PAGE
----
Blockchain in Trucking
Sometimes a buzzword gets so overhyped that it deserves some light-hearted mockery. That seems to be the case with “blockchain.” While it’s true that not every industry can benefit from a distributed-ledger technology, the trucking industry most certainly can. In fact, a new consortium called the Blockchain in Transport Alliance (BiTA) is working to apply blockchain to solve some of the most intransigent problems in trucking.
Trucking is a massive industry that affects virtually every American. Trucks move roughly 70 percent of the nation’s freight by weight, according to the American Trucking Association. The Association also found that in 2015, gross freight revenues from trucking were $726.4 billion, representing 81.5 percent of the nation’s freight bill.
Companies hailing from each piece of the trucking supply chain have joined BiTA, including: UPS, Salesforce, McCleod Software, DAT, Don Hummer Trucking and about 1,000 more applicants. [Full disclosure: Our company,Transfix, is also a member.]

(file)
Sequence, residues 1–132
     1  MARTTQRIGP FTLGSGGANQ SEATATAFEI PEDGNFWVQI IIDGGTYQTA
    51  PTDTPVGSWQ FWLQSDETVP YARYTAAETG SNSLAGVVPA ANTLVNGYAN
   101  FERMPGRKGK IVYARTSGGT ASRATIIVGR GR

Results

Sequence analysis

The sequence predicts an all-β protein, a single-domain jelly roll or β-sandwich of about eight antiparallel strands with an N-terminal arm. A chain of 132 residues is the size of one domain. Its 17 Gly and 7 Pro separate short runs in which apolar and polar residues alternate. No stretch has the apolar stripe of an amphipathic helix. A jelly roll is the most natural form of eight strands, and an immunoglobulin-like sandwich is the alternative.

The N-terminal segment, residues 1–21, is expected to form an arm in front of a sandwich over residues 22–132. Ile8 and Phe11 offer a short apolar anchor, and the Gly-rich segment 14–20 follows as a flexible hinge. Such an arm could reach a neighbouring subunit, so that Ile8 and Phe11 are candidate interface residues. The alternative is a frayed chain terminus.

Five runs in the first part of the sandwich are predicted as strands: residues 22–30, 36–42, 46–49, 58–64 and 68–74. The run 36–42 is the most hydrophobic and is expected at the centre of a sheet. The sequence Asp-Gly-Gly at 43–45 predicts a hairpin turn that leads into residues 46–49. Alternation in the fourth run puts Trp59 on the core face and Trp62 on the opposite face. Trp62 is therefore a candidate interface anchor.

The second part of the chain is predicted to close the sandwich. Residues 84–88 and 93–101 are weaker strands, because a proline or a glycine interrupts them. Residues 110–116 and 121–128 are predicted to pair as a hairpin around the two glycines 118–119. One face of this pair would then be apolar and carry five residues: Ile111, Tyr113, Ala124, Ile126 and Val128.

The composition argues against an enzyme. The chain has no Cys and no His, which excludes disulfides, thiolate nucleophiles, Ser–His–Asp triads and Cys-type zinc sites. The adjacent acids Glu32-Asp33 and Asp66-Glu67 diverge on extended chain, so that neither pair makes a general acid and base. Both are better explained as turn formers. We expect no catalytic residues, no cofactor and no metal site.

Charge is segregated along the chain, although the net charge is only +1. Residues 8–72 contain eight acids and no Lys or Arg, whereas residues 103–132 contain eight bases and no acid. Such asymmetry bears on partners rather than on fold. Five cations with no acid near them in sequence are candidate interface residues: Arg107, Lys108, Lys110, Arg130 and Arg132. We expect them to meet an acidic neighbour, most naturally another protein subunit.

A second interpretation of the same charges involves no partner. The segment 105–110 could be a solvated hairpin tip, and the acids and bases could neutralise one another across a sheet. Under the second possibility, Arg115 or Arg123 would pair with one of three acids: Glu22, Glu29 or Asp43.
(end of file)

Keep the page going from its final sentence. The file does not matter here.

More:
Blockchain is a shared, distributed ledger that facilitates the process of recording transactions and tracking assets in a business network. An asset can be tangible like a truck, or intangible like an insurance requirement. The blockchain that supports cryptocurrencies like bitcoin is a public network open to any investor with millions of users around the world. The blockchain we in the U.S. trucking industry foresee is a private one for shippers, carriers and brokers in the BiTA consortium.
As a standards organization, BiTA aims to create a common framework to spur the development of blockchain applications for logistics management, asset tracking, transaction processing and more.